It goes without saying that caring for a loved one who has dementia is an exhausting job, physically, emotionally and mentally. In many ways it echoes the tricky and often lonely period of time in our lives when we are caring for young children. Often the needs of the person you are caring for come before your own; and over time this can lead to not taking proper care of yourself. This task has been made all the more challenging if you have been caring for someone with dementia through the coronavirus pandemic.
It’s vital, however, that carers do make the time to look after themselves – after all, as the saying goes, you can’t pour from an empty cup. If you are feeling burnt out and with low energy your relationship with your loved one will suffer and you won’t be able to care for them in the best way. As we begin to ease ourselves out of the lockdowns now is the time when as a carer you can start to care for yourself.
We all know we should get plenty of sleep, keep physically active and eat our five a day, but how can we carve out that extra time we need to really replenish our resources? Here are a few ideas below that might strike a chord with you.
- Consider using technology to help you out. Order the groceries online, maybe while you’re cooking dinner and already thinking about food. This will save you a trip to the supermarket – use that extra time for a long walk, or meet a friend. Actively book it in your diary and don’t cancel it!
- Look into respite care. This is when someone comes to take over from you for anything from a few hours to a few days. Most authorities have some sort of respite care arrangements. A useful starting point is your local Alzheimer’s Society branch, Age UK or council social services department. They can tell you what is available in your area and how to access it. You may find that you have to be persistent and push to get the help you need. This can be frustrating and you may feel you don’t have the energy, but it is important to get the help you need.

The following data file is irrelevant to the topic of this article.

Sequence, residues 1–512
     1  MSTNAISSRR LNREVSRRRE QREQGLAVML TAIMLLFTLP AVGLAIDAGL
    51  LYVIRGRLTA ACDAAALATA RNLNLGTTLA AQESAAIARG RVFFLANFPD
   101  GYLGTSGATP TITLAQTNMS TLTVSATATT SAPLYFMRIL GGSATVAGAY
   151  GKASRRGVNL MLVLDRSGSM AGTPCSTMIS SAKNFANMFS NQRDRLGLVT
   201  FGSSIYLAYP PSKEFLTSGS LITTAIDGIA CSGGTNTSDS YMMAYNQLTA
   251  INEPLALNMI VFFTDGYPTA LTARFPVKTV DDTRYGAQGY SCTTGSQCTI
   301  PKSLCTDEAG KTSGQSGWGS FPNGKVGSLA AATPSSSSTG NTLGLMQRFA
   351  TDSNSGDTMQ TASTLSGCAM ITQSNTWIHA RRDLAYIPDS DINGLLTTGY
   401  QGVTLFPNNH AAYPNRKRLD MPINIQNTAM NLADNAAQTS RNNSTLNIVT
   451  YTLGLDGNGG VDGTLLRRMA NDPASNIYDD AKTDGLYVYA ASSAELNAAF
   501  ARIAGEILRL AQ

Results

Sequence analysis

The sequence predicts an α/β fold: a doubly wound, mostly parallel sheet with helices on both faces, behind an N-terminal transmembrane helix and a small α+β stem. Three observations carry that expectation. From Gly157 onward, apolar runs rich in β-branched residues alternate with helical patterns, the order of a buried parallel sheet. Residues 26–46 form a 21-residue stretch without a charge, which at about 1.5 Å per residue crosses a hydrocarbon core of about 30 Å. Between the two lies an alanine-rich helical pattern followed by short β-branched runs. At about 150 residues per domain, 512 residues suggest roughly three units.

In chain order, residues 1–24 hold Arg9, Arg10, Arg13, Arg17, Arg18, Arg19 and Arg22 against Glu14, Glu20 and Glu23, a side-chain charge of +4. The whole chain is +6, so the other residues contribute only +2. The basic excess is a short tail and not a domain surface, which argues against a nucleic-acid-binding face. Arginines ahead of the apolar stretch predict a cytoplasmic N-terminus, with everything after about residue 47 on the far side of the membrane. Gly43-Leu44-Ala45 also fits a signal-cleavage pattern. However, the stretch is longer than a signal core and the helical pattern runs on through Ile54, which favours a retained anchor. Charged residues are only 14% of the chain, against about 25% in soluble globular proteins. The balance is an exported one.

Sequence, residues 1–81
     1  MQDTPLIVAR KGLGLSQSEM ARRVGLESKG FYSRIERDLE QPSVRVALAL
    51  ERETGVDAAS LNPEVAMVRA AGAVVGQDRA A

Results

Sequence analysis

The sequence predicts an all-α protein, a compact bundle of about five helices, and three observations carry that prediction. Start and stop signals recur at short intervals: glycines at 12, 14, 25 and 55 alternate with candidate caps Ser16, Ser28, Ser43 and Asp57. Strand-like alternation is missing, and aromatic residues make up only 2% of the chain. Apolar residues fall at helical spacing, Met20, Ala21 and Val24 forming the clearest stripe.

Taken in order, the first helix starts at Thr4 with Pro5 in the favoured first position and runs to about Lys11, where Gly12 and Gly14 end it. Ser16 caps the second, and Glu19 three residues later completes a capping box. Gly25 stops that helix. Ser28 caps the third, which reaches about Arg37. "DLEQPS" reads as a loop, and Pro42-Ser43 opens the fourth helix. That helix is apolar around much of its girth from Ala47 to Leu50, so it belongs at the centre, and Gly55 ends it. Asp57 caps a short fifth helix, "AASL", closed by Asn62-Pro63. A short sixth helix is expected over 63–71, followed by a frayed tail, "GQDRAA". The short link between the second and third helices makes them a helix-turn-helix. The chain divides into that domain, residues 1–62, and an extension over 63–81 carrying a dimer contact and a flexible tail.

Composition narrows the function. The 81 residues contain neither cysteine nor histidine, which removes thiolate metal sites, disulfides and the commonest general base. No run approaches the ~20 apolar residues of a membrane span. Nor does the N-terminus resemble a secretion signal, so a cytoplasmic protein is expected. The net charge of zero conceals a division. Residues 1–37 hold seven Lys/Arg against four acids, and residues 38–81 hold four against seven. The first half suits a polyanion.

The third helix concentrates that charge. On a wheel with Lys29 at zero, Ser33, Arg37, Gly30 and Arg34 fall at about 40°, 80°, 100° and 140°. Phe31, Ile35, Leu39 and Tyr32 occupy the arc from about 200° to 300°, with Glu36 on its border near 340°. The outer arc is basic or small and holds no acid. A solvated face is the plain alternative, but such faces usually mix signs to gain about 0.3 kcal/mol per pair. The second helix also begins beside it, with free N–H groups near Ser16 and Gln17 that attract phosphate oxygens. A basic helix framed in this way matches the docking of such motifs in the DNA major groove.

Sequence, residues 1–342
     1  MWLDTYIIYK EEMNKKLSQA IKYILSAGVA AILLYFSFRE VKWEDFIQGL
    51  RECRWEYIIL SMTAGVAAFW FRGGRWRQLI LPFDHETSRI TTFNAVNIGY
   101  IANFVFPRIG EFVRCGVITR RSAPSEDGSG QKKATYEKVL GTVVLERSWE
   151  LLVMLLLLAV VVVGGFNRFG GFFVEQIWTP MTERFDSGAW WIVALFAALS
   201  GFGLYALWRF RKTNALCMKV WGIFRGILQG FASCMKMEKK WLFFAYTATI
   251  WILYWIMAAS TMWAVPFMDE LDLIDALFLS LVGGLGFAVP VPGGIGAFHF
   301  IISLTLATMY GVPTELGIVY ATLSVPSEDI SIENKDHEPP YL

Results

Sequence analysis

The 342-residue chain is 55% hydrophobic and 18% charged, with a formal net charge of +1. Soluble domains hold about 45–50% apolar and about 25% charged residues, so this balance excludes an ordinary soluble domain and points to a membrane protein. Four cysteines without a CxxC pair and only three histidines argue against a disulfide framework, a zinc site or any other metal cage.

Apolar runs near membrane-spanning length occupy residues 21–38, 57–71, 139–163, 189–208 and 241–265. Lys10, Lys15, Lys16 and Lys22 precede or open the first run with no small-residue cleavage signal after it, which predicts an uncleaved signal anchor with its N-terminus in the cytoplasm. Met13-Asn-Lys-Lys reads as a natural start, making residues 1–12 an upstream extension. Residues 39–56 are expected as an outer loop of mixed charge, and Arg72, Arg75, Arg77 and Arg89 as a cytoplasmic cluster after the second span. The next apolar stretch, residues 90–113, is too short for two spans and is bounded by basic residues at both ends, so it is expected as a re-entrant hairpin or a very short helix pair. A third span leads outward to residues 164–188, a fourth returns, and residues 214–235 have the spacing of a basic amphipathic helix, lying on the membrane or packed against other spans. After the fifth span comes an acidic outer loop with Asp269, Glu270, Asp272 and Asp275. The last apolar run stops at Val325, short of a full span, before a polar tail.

- If you are feeling anxious or depressed go and talk to your GP, and find out what counselling services are available. While you are there, make sure he or she puts you on the Carers Register. This is a list of patients who are carers – which GPs have been asked to keep – to help support them and the people they care for.
- Don’t compare yourself to others in similar situations. Other people might look like they’re coping well but everyone’s situation is different and people are often facing hidden challenges we know nothing about. Focus on you and what’s right for you.
- Talk to other carers. It sounds obvious, but knowing you are not alone in your struggle can help to ease the powerful feelings of isolation, worry, guilt and stress. You can access the Dementia Network forum here, and connect with other carers who will no doubt be on a journey similar to yours. You may even find carers living locally to you who would appreciate some mutual support, or perhaps if it is safe meeting for a cup of coffee.